A £79 million funding boost will allow schools and colleges to provide better mental health support for their pupils.
The number of children likely to be diagnosed with a mental health issue has risen from 1 in 9 in 2017 to 1 in 6, with many more cases likely to be diagnosed during the fallout of the pandemic.
The stark statistic raises concerns for children now returning to school, many of whom will require increased support for issues that may have developed during their time at home.
The £79 million, which forms part of the £500 million package promised by the government to support mental health funding, will be dedicated to increasing the quality of support in schools and colleges across the country.
The aim is to increase the number of schools with a mental health support team from 59 to 400 by April 2023, which is estimated to help around 3 million children.
"This has been an exceptionally difficult year, especially for our children and young people, and we know it is having a real impact on mental health," said minister for Mental Health and Suicide Prevention, Nadine Dorries, in a government statement.
"This additional funding will mean children who need to can access services in the community, as well as providing early intervention in schools."
During the pandemic, mental health teams have been working virtually to provide support to pupils and their families, as well as providing training and workshop sessions for school staff to improve the way they can support their students.
Children have also been able to text their local mental health support team with any concerns, to which a professional responds within an hour during school hours.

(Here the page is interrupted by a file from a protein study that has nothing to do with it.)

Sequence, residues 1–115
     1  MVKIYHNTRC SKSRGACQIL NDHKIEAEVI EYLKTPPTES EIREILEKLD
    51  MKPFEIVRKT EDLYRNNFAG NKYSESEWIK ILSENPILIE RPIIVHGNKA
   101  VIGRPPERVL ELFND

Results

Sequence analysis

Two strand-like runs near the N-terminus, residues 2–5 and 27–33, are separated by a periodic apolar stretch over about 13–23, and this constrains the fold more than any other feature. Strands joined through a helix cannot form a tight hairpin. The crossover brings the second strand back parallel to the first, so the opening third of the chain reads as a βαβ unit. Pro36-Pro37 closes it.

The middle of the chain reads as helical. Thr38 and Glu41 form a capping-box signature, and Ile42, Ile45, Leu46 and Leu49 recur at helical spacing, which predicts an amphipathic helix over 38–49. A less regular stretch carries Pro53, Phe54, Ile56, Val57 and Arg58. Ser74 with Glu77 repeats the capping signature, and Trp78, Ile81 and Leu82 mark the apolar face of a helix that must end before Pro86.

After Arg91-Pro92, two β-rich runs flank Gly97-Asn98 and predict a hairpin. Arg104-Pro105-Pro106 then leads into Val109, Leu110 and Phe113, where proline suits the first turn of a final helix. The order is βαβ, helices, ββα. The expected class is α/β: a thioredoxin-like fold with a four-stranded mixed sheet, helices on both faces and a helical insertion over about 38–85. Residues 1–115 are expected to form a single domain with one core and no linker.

The government says that community mental health services will also be expanded, "giving 22,500 more children and young people access to help and support by 2021 to 2022 – including talking therapies and cognitive behavioural therapy."
Mind CEO Paul Farmer welcomed the investment, highlighting the urgent need for support for children returning to school.
"With schools re-opening in England next week, the commitment to having better mental health support for pupils cannot come soon enough.
"There is still lots more work to be done to ensure that every young person gets the support they need for their mental health. But this is a positive step forward in cementing mental health at the heart of recovery from the pandemic and beyond."
Emma Thomas, CEO of YoungMinds, added her praise:
“We know that too often young people can’t get the help they need until they hit crisis point – and there’s much more work to do to ensure that help is available earlier on, through schools, communities and the NHS.
"We hope that today’s meeting will be an important step towards ensuring every child who is struggling with their mental health can get the support they need.”
But some organisations remain sceptical of the funding package.
Youth mental health charity Beyond called the funding "a great start", but put it into context of other investment packages pledged by the government.
"...it’s also about 10 times less than the investment allocated to the academic catch up plan," the charity states in an Instagram post.
"How will these funds be ring-fenced to ensure they end up where they should end up and how quickly will schools and colleges benefit from them?"
The announcement coincided with a meeting between the Prime Minister Boris Johnson and government Youth Mental Health Ambassador Dr Alex George with four young people with experience of mental health issues.
Last month, George called for schools to take a flexible approach to the return of pupils, suggesting that students would need "a bit of time to integrate slowly back in the classroom."
Read the full government announcement here.
Written by Marco Ricci
Editor and contributor for Talking Mental Health